Five Timing Tips for Better Workouts

New research shows us that the key to fitness success is to time your workouts in alignment with your body’s natural rhythms and current knowledge about how muscles work best. Here are six easy tips to personalize your workouts for faster results.

Tip #1: Time your workout type in alignment with biological clocks. Some things like testosterone peaks and muscle pliability are constant across most people. For example, testosterone and muscle pliability is greatest around 4 – 6 pm and thus strength and flexibility workouts will be most useful at that time.

Tip #2: Time your workouts in alignment with your Chronotype, or natural sleep-wake cycle. Some things like alertness and sleep-wake cycles are different between us and will impact your workout success. To determine your chronotype and your best time to train take the short quiz.

Tip #3: Stick to a regular schedule. Your muscles perform best with a routine, and the next tip shows you why.

Tip #4: Teach your muscles to anticipate. Inside each one of your 600 muscles, there is a mini biological clock. With the right routine, your muscles figure out what is next and perform best when they can anticipate.

Tip #5: Use intermittent rests similar to intermittent fasting. Take two non-consecutive days off per week and schedule your most intense workouts prior to a day off for best results and full recovery.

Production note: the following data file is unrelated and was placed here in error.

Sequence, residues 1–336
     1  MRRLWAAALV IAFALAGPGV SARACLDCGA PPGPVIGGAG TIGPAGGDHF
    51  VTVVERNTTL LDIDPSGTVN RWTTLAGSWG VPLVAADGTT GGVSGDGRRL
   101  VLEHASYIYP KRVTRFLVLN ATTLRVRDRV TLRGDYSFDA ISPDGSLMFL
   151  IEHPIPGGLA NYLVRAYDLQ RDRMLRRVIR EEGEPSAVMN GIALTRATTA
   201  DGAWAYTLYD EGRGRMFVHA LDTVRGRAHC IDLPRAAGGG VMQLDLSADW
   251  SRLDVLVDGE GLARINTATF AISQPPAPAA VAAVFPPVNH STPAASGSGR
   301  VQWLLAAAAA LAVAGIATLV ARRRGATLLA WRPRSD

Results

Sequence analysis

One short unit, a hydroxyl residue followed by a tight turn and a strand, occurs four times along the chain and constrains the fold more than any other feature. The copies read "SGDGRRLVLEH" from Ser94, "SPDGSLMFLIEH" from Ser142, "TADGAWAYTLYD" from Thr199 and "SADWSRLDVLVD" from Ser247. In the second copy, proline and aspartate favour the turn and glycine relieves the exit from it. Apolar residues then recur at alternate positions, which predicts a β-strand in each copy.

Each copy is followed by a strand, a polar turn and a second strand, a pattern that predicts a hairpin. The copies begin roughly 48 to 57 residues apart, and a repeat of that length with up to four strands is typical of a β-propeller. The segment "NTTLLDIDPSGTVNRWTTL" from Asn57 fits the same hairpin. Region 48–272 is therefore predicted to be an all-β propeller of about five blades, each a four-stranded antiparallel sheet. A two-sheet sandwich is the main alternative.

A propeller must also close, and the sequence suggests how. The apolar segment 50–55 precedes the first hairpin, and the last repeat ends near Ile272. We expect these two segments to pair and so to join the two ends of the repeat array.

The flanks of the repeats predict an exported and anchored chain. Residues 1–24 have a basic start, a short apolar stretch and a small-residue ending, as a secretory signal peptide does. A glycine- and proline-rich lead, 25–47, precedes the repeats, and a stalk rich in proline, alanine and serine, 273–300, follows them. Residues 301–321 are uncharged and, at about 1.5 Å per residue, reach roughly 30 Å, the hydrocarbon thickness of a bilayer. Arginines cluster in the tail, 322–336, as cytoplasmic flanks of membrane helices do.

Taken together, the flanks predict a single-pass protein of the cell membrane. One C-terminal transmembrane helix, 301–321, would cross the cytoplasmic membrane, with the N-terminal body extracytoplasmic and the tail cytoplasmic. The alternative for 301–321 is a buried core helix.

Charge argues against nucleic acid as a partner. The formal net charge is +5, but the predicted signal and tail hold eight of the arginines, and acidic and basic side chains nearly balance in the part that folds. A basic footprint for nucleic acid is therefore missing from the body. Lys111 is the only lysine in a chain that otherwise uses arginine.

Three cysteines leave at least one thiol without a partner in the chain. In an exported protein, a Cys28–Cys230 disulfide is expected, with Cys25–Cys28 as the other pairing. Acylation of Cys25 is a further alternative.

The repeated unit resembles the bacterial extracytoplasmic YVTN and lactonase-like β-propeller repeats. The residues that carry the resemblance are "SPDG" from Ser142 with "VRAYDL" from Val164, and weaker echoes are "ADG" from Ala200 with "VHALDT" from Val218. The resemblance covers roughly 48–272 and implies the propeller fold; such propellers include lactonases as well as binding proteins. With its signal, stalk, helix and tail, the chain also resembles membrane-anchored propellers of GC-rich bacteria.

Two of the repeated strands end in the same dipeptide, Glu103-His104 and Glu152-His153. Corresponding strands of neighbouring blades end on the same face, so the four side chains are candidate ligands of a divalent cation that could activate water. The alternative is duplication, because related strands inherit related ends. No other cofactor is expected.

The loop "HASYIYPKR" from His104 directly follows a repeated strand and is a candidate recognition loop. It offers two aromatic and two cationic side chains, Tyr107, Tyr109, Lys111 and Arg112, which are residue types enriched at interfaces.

For more information, see Dr. Amy’s course…Programming for Strength Gains

FCEA Founding Member

Amy Ashmore holds a Ph.D. in Kinesiology from the University of Texas at Austin and an MS in Exercise & Sports Sciences from Florida State University. She has over 30 years of sports & fitness industry and academic leadership experience. Amy is the author of dozens of articles, blogs, and continuing education programs. She is the former Program Director for Sports Sciences and Management at the American Military University (AMU). Prior to managing the AMU program, Amy was a Professor with American Public University System, University of Tampa, and College of Southern Nevada. She lives in Las Vegas, NV with her son, Aiden, and their dog, Jimbug.

Author of: Programming for Strength Gains / Cardiovascular Training for Clients Who Have Obesity.

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